Deputies Videotaped Beating Suspected Illegal Immigrants Aclu Exec Calls Incident ‘Another Rodney King’
In video reminiscent of Rodney King, sheriff’s deputies were taped beating two suspected illegal immigrants with batons Monday after a 70-mile chase.
A Riverside County deputy, holding his baton two-handed like a baseball bat, swung repeatedly at a person prostrate beneath him. A handcuffed woman was slammed against the pickup truck involved in the chase.
About 20 suspected illegal immigrants were packed into the pickup.
The color videotape was shot by two news helicopters overhead.
“It’s another Rodney King,” said Ramona Ripston, executive director of the American Civil Liberties Union of Southern California, who immediately called for a Justice Department investigation.
The suspected illegal immigrants are Mexican and the deputies are white, the sheriff’s department said.
The unidentified male driver suffered bruises and a possible fractured elbow from the baton blows, said Sgt. Mark Lohman, spokesman for the Riverside County Sheriff’s Department. He was being treated at a hospital and awaiting booking for evading arrest, throwing objects from a vehicle, and possibly assault or hit and run.
Lohman said the other occupants were uninjured. The group was taken to an Immigration and Naturalization Service center for questioning.
The sheriff’s department immediately launched an internal investigation and placed two deputies on paid administrative leave. The deputies’ names were not released, but the department said one has been on the force for 21 years and the other for five years.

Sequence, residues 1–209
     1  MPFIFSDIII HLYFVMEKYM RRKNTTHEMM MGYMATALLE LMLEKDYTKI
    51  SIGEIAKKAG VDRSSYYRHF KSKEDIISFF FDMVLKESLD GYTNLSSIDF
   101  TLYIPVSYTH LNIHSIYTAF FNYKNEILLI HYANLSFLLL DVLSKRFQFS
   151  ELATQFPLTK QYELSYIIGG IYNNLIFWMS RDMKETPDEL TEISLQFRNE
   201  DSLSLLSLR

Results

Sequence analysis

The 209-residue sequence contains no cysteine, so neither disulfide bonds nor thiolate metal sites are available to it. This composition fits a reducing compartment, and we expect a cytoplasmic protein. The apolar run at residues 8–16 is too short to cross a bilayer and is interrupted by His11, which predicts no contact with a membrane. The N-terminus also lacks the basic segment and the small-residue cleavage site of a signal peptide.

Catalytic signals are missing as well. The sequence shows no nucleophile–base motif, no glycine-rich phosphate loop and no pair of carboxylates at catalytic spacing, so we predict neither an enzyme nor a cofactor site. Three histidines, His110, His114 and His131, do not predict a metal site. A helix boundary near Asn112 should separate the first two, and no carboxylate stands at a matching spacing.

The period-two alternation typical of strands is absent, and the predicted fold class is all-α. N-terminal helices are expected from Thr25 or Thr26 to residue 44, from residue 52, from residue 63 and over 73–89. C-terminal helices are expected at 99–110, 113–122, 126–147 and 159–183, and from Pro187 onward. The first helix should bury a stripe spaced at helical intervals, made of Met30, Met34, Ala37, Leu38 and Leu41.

“We’re very embarrassed and we’re seriously concerned about the actions of our officers,” Lohman said.
When asked by reporters if the department felt the two deputies used excessive force, Lohman said: “There was force used.”
The Los Angeles County Sheriff’s Department will conduct a criminal investigation to determine whether the amount of force exceeded the department’s “reasonable and necessary” standard, he said. The beating occurred in Los Angeles County.
The chase began when the pickup truck driver refused to stop for Border Patrol officials. They suspected illegal immigrants were aboard because the truck was on a road frequently used to bypass a checkpoint about 60 miles north of the border.
The Border Patrol handed off the chase to the sheriff’s deputies.
The pickup pulled over on Pomona Freeway about 20 miles east of Los Angeles, and people crowded into the bed of the pickup jumped out and ran down a brushy embankment.
The videotape showed a deputy run up seconds later, swing a club at a man beside the cab, then swipe at a woman with a purse.
The man was knocked from a freeway guardrail to the ground. The woman, clutching the purse, was pulled from the cab and over the guardrail. She was pulled to the ground by the hair. Another deputy ran up and swung a baton at her “Absolutely, no question, uncalled-for excessive force,” Ripston said.
Ripston acknowledged that the images recorded from the helicopter were rough, but she said there was no apparent provocation by the suspects.
“It was (video) taken from a helicopter, but it certainly didn’t look like anybody was attempting to hurt an officer,” Ripston said.
In 1991, four white officers were videotaped beating King, a black motorist, at the end of a high-speed chase. The officers’ acquittal on criminal charges prompted widespread riots. Two of the officers later were convicted on federal charges.
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